• Baking: Believe it or not, beans can be used in baking. Black beans, for instance, are significant in brownies, they add moisture to the texture without altering the taste significantly.
  • Vegetarian Burgers: Use mashed beans or lentils to make vegetarian patties. They are a nutritious and tasty alternative to meat burgers.
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7. Eggs

Eggs are not widely known to have significant benefits to the eyes. The deep orange hue of the egg yolk is a sign of its high carotenoid content, an antioxidant present in foods that are orange, red, or yellow. Eating one to two eggs a day is safe for most adults. However, The American Heart Foundation suggests eating up to six eggs a week for those at risk of heart disease.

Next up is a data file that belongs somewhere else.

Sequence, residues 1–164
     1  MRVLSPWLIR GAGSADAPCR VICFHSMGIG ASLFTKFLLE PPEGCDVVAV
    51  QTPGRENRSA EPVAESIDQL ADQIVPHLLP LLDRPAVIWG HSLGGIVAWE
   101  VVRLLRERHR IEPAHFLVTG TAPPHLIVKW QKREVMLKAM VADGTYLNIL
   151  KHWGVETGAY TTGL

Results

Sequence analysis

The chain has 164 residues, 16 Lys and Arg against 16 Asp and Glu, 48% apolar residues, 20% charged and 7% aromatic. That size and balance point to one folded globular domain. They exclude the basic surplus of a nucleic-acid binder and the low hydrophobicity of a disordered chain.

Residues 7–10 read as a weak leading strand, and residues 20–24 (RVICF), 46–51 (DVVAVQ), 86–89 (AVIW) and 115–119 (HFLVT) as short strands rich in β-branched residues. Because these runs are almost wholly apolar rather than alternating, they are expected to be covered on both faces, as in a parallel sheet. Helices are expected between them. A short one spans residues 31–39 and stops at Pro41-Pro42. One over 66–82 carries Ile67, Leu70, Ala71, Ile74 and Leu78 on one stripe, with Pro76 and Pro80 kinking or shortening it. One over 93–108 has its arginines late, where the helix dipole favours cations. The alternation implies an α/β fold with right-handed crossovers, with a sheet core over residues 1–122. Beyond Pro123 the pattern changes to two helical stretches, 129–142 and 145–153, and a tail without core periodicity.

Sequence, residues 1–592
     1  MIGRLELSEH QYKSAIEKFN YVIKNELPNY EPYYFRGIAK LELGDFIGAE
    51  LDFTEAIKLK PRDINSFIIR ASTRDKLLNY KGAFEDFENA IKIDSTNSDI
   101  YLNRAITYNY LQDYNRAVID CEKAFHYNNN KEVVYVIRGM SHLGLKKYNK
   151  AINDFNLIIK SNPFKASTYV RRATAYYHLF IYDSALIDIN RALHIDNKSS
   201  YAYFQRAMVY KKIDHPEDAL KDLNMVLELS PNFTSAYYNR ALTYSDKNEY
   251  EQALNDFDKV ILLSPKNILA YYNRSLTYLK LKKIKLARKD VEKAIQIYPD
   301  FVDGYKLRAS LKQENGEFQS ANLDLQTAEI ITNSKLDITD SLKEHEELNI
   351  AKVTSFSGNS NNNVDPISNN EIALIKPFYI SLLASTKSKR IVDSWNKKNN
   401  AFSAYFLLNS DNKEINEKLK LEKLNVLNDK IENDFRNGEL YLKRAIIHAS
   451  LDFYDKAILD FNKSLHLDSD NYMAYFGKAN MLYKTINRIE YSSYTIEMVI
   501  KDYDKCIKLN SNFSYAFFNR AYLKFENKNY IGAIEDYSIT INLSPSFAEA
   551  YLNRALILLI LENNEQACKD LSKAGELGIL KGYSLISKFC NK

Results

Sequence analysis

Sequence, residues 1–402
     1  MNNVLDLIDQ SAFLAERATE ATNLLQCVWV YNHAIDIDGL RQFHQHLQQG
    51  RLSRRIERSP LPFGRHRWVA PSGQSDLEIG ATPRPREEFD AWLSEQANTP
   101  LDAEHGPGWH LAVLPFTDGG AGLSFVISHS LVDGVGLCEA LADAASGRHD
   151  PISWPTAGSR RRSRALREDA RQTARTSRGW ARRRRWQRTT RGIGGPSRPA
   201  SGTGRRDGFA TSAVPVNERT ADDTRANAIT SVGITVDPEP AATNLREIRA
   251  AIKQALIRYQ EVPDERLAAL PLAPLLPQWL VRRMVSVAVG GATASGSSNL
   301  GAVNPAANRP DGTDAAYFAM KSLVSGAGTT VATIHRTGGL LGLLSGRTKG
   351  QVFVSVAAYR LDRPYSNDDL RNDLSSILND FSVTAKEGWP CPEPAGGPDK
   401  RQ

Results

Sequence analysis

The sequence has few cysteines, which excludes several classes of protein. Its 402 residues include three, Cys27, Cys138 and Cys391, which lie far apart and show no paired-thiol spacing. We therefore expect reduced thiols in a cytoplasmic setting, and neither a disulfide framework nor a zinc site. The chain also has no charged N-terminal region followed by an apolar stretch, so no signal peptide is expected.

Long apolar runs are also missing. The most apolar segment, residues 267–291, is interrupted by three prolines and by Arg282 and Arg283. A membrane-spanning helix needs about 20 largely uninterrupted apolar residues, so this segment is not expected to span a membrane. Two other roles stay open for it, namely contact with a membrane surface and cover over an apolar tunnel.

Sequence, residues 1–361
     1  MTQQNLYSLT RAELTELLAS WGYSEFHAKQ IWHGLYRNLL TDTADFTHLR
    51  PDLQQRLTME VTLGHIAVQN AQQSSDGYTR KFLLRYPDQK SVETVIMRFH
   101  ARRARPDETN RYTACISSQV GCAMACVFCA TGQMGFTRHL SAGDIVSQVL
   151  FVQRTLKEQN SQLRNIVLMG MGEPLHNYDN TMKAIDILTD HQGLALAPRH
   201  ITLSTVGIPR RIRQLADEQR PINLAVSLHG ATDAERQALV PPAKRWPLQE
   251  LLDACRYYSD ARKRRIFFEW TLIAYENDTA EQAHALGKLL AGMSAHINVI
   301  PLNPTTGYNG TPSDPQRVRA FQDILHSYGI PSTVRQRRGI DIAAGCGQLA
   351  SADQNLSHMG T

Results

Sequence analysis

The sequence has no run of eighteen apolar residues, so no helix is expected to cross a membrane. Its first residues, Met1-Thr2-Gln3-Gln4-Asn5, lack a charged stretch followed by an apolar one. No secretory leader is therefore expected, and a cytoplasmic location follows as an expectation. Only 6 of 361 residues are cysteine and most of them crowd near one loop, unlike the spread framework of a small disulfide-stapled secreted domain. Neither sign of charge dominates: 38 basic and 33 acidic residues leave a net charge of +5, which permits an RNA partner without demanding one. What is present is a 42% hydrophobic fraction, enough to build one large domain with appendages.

In a study, people who ate 2-4 eggs a week had a lower risk of developing advanced age-related macular degeneration (AMD) after 15 years than those who ate 1 egg a week or less.

Below are ways to incorporate eggs into the diet:

  • Breakfast: Start your day with eggs cooked depending on how you like it: boiled, scrambled, poached, or fried. Pair them with whole-grain toast, vegetables, or fruit for a balanced meal.
  • Omelets and Frittatas: Combine eggs with vegetables, cheese, and meats to make a hearty frittata. This is a great way to use leftover veggies.
  • Baking: Use eggs in baking cakes, cookies, and bread. Eggs are essential ingredients in a lot of baked products.
  • Salads: Top your salads with hard-boiled eggs for added protein and flavor. They work well in green salads, potato salads, or pasta salads.
  • Sandwiches and Wraps: Make egg salad for sandwiches or wraps. Alternatively, sliced hard-boiled eggs can be a great addition to any sandwich or wrap.

8. Sweet Potatoes

Sweet potatoes contain beta-carotene, vitamin C, and E. Sweet potatoes benefit eyesight, particularly in enhancing night vision and reducing eye dryness. However, they should only be eaten about two to three times a week in moderation due to their high sugar content.